Could power fuels and biofuels meet our growing energy needs?

When you think about the energy transition, what images come to mind? Wind turbines in the sea? Arrays of solar panels? Maybe an electric truck? All these things will have a significant part to play in the world’s future energy systems. And all of them illustrate one of the defining characteristics of the change that is unfolding today: the role of renewably sourced electricity as a cleaner, more efficient source of energy.

There is, however, a problem with this picture. Some of the ways we use energy are difficult or impossible with today’s electrical technologies. Many of those are applications that consume very large quantities of heat, such as primary steelmaking or cement production. Others are applications that require high-density energy storage, such as ocean shipping, air transport or long-distance road freight.

As the world moves away from the large-scale use of fossil fuels, we will need to find alternative sources of energy for these industries. In a new white paper, a team of Deutsche Post DHL Group specialists examines the options – available today and in development – that might allow that goal to be reached.


  • E-mobility is the technology of choice in the transport sector. But its use is currently restricted to short range transports only.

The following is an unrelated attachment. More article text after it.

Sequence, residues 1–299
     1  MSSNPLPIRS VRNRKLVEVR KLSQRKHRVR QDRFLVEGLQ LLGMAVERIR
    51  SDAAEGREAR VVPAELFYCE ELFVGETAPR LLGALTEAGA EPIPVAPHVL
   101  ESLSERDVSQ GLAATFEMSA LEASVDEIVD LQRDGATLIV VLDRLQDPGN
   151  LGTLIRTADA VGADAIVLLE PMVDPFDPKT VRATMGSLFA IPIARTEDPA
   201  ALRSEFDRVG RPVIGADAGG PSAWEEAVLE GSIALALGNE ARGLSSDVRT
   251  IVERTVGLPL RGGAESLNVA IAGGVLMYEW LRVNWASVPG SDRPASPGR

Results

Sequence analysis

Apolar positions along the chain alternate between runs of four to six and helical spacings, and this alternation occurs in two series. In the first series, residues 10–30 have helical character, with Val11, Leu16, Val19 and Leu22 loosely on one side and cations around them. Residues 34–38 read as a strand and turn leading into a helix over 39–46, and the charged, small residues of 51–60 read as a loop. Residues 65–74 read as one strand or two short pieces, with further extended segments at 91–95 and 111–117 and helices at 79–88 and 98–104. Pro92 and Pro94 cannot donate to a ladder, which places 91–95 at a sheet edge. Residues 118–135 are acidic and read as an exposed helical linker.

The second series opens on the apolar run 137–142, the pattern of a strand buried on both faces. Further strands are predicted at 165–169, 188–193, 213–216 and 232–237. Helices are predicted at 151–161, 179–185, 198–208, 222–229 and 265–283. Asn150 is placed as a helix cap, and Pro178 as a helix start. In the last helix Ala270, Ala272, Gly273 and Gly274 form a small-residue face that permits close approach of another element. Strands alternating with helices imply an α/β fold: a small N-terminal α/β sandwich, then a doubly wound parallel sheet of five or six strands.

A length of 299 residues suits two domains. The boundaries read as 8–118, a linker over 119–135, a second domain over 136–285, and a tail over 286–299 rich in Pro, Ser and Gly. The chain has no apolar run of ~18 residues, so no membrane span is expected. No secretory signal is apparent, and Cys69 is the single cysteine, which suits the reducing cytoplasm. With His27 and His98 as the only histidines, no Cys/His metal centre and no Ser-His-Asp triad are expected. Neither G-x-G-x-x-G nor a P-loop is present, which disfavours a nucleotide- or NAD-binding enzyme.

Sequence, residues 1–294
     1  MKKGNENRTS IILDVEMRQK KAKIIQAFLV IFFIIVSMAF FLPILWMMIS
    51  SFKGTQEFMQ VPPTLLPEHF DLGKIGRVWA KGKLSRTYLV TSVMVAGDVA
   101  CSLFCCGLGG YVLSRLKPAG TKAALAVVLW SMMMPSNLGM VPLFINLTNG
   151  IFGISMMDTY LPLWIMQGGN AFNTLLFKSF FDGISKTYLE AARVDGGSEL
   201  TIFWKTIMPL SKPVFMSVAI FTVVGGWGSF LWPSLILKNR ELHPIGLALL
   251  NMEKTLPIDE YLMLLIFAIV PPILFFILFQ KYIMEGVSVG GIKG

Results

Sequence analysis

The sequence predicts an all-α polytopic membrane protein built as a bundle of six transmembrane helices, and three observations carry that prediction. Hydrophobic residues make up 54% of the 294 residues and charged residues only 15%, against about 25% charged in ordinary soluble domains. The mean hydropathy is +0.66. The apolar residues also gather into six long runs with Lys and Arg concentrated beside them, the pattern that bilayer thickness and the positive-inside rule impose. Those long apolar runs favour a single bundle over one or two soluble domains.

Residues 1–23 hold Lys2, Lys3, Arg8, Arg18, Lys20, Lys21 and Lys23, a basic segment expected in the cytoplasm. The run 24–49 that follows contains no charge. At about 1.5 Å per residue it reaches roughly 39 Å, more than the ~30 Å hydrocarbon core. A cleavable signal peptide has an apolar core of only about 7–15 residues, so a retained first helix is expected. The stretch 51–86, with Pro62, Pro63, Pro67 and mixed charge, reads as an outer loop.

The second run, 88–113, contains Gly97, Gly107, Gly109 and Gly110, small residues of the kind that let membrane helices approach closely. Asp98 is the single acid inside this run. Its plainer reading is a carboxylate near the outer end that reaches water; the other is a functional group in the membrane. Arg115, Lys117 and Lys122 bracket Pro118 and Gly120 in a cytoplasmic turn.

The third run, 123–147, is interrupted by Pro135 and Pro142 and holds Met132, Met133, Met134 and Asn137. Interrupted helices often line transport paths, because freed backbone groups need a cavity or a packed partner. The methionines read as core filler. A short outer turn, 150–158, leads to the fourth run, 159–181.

• Alternative fuels are sustainable only if they come from renewable sources and have no negative impact on the environment, climate or society when burned.
  • Sustainable biofuels are one way to gradually reduce the use of fossil fuels. They are readily available, biodegradable and less toxic than other fuels. One argument for e-fuels: power from renewable energy can be stored and transported as a liquid or gaseous fuel.
  • Biofuels and e-fuels have the greatest potential to become a sustainable substitute for fossil fuels. A range of alternatives is being developed right now or is already in use. But no comprehensive knowledge base or binding standards have been developed so far. Feasibility appears to be more a matter of commercial viability than one of technology.

Marijn Slabbekoorn, GoGreen Program Manager Ground Operations Europe of DHL Express: “ We are already using the StreetScooter on routes up to 200 kilometers. What we really need is a wider variety of actually available and suitable zero-emission vans, especially in the large commercial vehicle segment. There is still a large discrepancy between the clean solutions available on the market today and our targets for 2025. Public investment – both in e-vehicles and in the construction of charging stations – could help meet the challenges we face.”

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Source: DHL

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